This Christmas Bonnie and I thought we would publish our thoughts about the story. Traditionally we read it every year on the 25th from Luke. Why? Well, Luke is the gospel that seems to have all the elements in keeping with our modern celebration of that event. As we looked into the first three chapters of Luke I thought I’d check out Matthew. The impression that grabbed me was Luke seems to be written from Mary’s perspective and Matthew seems to be written from Joseph’s perspective. In keeping with that impression Bonnie will write on Luke and I will write on Matthew. We hope that you will enjoy our thoughts on the Christmas story.
As I read through the accounts I was impressed with how much the whole event of Jesus’ conception and birth does not resemble our celebrations. We have sanitized and fantasized what was really a time fraught with danger and shame but amazingly great courage. Over the years of reading the gospels Joseph has gone from being almost a nonentity in the whole situation to being one of my heroes of faith. I will expand on that as we go through the events surrounding the birth of the Son of God.
Keep in mind that scriptures tell us in Galatians 4:4 “But when the fullness of the time had come, God sent forth His Son, born of a woman, born under the law”. This was the culmination of prophecy and long awaited expectation. The fullness of time is key. There is no mistake about the point in the history of man when He appeared. The people involved where not randomly chosen but vital personalities in the completion of redemption. This was not a cool, frost laden evening that was fantasised. This was a culmination of time – fullness - when everything was complete.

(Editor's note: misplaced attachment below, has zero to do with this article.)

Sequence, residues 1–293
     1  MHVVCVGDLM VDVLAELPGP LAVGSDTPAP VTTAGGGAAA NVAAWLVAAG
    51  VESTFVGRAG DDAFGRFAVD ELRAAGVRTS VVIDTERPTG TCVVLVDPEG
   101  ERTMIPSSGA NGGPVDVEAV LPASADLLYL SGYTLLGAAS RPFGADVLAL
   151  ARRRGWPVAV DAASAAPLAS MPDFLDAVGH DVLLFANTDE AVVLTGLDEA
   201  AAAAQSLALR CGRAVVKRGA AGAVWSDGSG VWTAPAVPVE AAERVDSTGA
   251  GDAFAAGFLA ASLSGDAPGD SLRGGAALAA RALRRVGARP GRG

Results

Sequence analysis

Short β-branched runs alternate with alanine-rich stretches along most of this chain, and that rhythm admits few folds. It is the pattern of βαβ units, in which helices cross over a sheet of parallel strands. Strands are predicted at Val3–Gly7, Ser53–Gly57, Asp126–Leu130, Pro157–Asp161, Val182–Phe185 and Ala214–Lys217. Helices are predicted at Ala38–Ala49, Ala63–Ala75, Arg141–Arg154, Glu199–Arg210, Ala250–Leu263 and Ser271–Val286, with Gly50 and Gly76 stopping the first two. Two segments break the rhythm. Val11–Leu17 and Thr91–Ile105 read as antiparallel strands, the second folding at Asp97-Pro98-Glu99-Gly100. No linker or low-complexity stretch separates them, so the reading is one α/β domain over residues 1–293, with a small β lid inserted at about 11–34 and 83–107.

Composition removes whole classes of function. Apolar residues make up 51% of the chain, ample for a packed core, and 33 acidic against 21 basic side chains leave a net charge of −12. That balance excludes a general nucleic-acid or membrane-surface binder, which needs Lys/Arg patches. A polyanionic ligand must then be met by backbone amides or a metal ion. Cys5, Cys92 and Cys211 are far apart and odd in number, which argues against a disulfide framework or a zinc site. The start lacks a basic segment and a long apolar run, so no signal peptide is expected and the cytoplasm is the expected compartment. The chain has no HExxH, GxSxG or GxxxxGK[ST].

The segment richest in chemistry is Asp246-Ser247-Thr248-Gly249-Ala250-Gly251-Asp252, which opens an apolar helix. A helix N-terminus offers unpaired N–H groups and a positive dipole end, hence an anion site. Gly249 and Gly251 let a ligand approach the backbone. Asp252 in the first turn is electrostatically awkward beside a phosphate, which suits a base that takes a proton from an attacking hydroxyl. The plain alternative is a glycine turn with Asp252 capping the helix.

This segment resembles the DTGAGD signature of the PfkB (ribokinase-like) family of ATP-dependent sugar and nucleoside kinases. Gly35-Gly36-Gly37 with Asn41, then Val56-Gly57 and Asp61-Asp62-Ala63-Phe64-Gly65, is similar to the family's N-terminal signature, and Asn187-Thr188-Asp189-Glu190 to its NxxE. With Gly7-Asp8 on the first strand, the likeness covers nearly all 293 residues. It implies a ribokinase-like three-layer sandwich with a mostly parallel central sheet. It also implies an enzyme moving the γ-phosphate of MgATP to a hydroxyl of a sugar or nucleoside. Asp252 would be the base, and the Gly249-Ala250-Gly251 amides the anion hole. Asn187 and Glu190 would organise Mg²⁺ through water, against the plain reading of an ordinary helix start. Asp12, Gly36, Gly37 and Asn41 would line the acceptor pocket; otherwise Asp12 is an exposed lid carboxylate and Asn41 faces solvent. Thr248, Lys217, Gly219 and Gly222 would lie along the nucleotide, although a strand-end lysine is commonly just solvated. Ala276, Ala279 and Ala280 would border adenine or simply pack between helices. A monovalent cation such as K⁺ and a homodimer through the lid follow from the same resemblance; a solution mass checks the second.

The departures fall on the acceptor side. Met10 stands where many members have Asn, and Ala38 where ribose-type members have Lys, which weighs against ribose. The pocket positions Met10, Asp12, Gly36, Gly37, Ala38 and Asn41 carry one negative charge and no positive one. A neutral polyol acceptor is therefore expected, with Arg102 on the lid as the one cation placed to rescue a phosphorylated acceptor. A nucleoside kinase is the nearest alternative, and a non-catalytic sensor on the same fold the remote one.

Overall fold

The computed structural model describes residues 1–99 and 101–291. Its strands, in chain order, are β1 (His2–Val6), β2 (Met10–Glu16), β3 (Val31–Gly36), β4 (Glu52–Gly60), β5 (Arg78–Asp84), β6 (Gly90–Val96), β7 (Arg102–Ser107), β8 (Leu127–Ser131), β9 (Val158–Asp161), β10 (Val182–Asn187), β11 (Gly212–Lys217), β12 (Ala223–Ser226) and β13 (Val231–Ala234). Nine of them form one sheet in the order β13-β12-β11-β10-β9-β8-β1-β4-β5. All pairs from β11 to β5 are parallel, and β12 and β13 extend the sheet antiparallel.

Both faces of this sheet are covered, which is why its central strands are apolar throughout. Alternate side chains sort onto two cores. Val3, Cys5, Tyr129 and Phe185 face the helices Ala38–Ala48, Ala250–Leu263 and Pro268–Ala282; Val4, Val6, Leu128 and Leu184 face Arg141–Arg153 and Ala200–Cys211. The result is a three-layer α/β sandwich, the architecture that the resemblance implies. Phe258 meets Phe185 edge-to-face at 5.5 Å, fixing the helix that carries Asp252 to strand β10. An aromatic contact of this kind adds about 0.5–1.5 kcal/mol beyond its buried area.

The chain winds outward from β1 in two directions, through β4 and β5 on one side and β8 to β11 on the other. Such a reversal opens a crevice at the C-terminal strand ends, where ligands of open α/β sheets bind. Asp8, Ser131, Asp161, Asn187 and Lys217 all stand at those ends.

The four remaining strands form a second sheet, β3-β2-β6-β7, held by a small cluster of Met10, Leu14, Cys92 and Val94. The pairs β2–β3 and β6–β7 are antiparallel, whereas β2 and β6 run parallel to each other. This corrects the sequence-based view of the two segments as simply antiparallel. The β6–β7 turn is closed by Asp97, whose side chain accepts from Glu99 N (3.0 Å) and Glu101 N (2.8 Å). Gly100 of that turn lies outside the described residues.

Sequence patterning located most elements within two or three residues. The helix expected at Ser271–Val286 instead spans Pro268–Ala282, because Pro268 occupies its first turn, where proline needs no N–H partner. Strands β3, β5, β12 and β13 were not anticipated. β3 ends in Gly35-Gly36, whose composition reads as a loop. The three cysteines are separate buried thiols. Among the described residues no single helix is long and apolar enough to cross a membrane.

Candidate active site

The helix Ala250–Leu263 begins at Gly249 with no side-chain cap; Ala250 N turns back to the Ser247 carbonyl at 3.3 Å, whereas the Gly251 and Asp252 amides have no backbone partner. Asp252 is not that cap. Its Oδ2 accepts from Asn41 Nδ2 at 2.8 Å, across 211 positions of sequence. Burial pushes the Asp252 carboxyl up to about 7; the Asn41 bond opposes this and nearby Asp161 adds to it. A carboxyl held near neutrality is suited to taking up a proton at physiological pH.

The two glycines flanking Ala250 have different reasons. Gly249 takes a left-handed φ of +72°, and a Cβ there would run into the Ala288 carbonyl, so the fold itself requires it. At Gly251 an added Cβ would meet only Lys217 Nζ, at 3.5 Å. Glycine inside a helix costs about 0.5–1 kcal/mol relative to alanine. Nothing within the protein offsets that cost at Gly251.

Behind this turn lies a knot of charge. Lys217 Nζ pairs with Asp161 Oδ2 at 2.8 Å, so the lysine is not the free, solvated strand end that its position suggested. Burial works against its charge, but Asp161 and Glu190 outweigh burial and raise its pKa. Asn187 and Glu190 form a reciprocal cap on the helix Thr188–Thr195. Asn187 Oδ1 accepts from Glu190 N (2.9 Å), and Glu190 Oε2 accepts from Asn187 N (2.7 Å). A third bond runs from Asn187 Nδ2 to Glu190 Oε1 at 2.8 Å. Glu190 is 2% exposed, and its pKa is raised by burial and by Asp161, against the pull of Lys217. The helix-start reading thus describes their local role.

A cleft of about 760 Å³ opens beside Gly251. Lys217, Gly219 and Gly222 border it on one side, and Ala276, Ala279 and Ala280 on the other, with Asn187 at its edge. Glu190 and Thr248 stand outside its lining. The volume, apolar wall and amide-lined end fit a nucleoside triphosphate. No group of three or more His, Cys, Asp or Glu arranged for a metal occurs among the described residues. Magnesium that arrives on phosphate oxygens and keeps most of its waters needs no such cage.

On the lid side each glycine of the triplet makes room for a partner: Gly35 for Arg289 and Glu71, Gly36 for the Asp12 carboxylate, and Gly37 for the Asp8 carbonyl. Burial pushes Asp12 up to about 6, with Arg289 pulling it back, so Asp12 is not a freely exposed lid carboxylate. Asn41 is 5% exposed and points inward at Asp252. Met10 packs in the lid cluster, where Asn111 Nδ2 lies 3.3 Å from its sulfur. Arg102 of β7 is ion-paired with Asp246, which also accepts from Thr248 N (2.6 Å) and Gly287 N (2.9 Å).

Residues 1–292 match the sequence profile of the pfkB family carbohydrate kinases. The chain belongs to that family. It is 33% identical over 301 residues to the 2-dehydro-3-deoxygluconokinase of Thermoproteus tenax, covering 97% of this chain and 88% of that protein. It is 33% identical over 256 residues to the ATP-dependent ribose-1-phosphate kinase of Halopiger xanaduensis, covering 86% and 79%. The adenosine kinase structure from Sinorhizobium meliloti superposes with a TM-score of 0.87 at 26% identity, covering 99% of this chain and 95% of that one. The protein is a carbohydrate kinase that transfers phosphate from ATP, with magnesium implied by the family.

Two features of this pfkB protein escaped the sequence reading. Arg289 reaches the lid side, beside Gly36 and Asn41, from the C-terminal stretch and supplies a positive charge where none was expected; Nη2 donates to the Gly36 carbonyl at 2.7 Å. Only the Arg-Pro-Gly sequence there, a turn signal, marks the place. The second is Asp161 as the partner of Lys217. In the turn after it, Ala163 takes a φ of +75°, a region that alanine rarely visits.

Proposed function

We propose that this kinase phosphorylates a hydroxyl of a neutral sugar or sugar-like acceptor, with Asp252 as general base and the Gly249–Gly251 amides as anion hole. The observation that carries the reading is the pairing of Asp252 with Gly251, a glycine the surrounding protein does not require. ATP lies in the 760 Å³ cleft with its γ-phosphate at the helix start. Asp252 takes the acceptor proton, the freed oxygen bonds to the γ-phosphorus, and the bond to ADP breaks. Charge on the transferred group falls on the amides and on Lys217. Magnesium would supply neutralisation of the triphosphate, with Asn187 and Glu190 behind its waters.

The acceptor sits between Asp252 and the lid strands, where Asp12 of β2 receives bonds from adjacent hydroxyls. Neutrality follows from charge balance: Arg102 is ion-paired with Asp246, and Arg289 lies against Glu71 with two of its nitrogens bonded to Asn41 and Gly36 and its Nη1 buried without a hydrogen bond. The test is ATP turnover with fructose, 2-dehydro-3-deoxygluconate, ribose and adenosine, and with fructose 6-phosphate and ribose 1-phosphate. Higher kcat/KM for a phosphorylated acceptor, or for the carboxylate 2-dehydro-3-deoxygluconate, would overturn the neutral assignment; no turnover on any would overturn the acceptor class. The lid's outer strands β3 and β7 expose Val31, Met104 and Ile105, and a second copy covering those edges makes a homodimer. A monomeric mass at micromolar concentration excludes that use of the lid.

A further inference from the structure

It happened over a period of at least three years. Elizabeth was pregnant for 6 months before Mary. The wise men arrived possibly up to 2 years after Christ’s birth. The events were so spaced out that one would easily miss the significance of this birth. Bethlehem did not have a strip like Las Vegas all lit up in neon with signs pointing to the stable. The inn was not inundated with shepherds, wise men, town’s people and little drummer boys on the evening of His birth. The shepherds, who had a visitation of angels, came to the inn, saw the baby as they were told, and did tell people in the hill country what they had experienced. No one else seemed to venture to the stable at that time. Neither Herod, the king, nor the people’s chief priest nor the teachers of the law were aware of any unusual event. Only the enquiries of the wise men drew any further attention at a national level to the blessed event.
How significant is the pattern we see here? God seems to enjoy changing the world through small beginnings. He starts with an insignificant person, infuses them with His love, His spirit, and they leave a mark that indelibly stamps the history of mankind forever. Look at the men of God and there meagre beginnings. Abraham was one of three sons, not even the first born, with a barren wife. God made him into a Father of many. David was the youngest of his family, not even fit by his father’s estimation to be brought before the prophet, Samuel. Joseph, a carpenter, became the legal guardian of Jesus, the Son of God. Jesus, born in a stable, a simple carpenter from Nazareth, a town of no reputation, brought us the greatest gift the world will ever experience.
As we ponder the goodness of God to mankind this Christmas ask yourself the question ‘what about me?’ What could He do with me? What would He ask of me? Would it be anything more than ‘be obedient’ to the call He has placed on your life? Come follow me.